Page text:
The Sunset Strip is the 1 1⁄2-mile (2.4 km) stretch of Sunset Boulevard that passes through the city of West Hollywood, California, United States. It extends from West Hollywood's eastern border with the city of Los Angeles (Hollywood) at Crescent Heights Boulevard to its western border with Beverly Hills at Sierra Drive. The Sunset Strip is known for its boutiques, restaurants, rock clubs, and nightclubs, as well as its array of huge, colorful billboards.
Sunset Boulevard is a boulevard in the central and western part of Los Angeles County, California that stretches from the Pacific Coast Highway in Pacific Palisades east to Figueroa Street in Downtown Los Angeles. It is a major thoroughfare in the cities of Beverly Hills and West Hollywood, as well as several districts in Los Angeles.
West Hollywood, commonly referred to as WeHo, is a city in Los Angeles County, California, United States. Incorporated in 1984, it is home to the Sunset Strip. As of the 2010 U.S. Census, its population was 34,399. It is considered one of the most prominent gay villages in the United States.
The United States of America (USA), commonly known as the United States or America, is a country composed of 50 states, a federal district, five major self-governing territories, and various possessions. At 3.8 million square miles, the United States is the world's third or fourth largest country by total area and is slightly smaller than the entire continent of Europe's 3.9 million square miles. With a population of over 327 million people, the U.S. is the third most populous country. The capital is Washington, D.C., and the largest city by population is New York. Forty-eight states and the capital's federal district are contiguous in North America between Canada and Mexico. The State of Alaska is in the northwest corner of North America, bordered by Canada to the east and across the Bering Strait from Russia to the west. The State of Hawaii is an archipelago in the mid-Pacific Ocean. The U.S. territories are scattered about the Pacific Ocean and the Caribbean Sea, stretching across nine official time zones. The extremely diverse geography, climate, and wildlife of the United States make it one of the world's 17 megadiverse countries.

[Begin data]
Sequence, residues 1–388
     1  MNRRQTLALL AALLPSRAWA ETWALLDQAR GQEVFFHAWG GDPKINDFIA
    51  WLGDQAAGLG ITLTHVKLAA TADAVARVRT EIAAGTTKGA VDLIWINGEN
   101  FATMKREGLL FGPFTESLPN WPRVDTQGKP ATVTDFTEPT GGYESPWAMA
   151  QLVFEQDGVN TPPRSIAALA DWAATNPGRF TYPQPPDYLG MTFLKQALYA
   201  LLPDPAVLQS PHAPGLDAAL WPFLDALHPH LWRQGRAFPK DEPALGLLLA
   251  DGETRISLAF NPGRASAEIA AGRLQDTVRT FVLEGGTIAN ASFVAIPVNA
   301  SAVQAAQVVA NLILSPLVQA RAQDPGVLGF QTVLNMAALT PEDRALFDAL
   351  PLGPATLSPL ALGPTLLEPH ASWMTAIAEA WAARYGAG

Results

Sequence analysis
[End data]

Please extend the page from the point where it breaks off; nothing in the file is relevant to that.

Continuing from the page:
Prior to the 1984 incorporation of the city of West Hollywood, the Sunset Strip lay in an unincorporated area of Los Angeles County. Because of this, the Sunset Strip and all of West Hollywood gained a reputation for being a loosely regulated area, in large part because it was not under the jurisdiction of the Los Angeles Police Department.
In law, an unincorporated area is a region of land that is not governed by a local municipal corporation; similarly an unincorporated community is a settlement that is not governed by its own local municipal corporation, but rather is administered as part of larger administrative divisions, such as a township, parish, borough, county, city, canton, state, province or country. Occasionally, municipalities dissolve or disincorporate, which may happen if they become fiscally insolvent, and services become the responsibility of a higher administration. Widespread unincorporated communities and areas are a distinguishing feature of the United States and Canada. In most other countries of the world, there are either no unincorporated areas at all, or these are very rare; typically remote, outlying, sparsely populated or uninhabited areas.